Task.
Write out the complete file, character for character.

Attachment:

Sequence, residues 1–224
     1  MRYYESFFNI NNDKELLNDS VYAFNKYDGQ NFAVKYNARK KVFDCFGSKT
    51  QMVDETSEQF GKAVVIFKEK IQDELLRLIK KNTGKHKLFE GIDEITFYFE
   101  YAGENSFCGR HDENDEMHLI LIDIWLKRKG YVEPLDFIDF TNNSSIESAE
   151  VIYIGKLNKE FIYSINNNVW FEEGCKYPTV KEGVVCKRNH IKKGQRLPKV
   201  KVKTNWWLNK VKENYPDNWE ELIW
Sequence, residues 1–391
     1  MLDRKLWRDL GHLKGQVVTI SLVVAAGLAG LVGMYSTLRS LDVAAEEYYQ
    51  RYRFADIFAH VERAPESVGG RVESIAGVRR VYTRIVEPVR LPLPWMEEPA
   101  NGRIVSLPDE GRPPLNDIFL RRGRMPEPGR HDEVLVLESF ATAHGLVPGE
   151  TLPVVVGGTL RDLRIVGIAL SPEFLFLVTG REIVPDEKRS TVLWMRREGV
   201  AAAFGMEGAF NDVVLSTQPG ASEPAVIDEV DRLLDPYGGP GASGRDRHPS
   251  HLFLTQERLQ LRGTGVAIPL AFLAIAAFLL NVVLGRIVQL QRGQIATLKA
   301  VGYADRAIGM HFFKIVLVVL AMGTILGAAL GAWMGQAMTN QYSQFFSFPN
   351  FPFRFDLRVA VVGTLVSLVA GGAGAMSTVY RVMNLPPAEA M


Sequence, residues 1–224
     1  MRYYESFFNI NNDKELLNDS VYAFNKYDGQ NFAVKYNARK KVFDCFGSKT
    51  QMVDETSEQF GKAVVIFKEK IQDELLRLIK KNTGKHKLFE GIDEITFYFE
   101  YAGENSFCGR HDENDEMHLI LIDIWLKRKG YVEPLDFIDF TNNSSIESAE
   151  VIYIGKLNKE FIYSINNNVW FEEGCKYPTV KEGVVCKRNH IKKGQRLPKV
   201  KVKTNWWLNK VKENYPDNWE ELIW
Sequence, residues 1–391
     1  MLDRKLWRDL GHLKGQVVTI SLVVAAGLAG LVGMYSTLRS LDVAAEEYYQ
    51  RYRFADIFAH VERAPESVGG RVESIAGVRR VYTRIVEPVR LPLPWMEEPA
   101  NGRIVSLPDE GRPPLNDIFL RRGRMPEPGR HDEVLVLESF ATAHGLVPGE
   151  TLPVVVGGTL RDLRIVGIAL SPEFLFLVTG REIVPDEKRS TVLWMRREGV
   201  AAAFGMEGAF NDVVLSTQPG ASEPAVIDEV DRLLDPYGGP GASGRDRHPS
   251  HLFLTQERLQ LRGTGVAIPL AFLAIAAFLL NVVLGRIVQL QRGQIATLKA
   301  VGYADRAIGM HFFKIVLVVL AMGTILGAAL GAWMGQAMTN QYSQFFSFPN
   351  FPFRFDLRVA VVGTLVSLVA GGAGAMSTVY RVMNLPPAEA M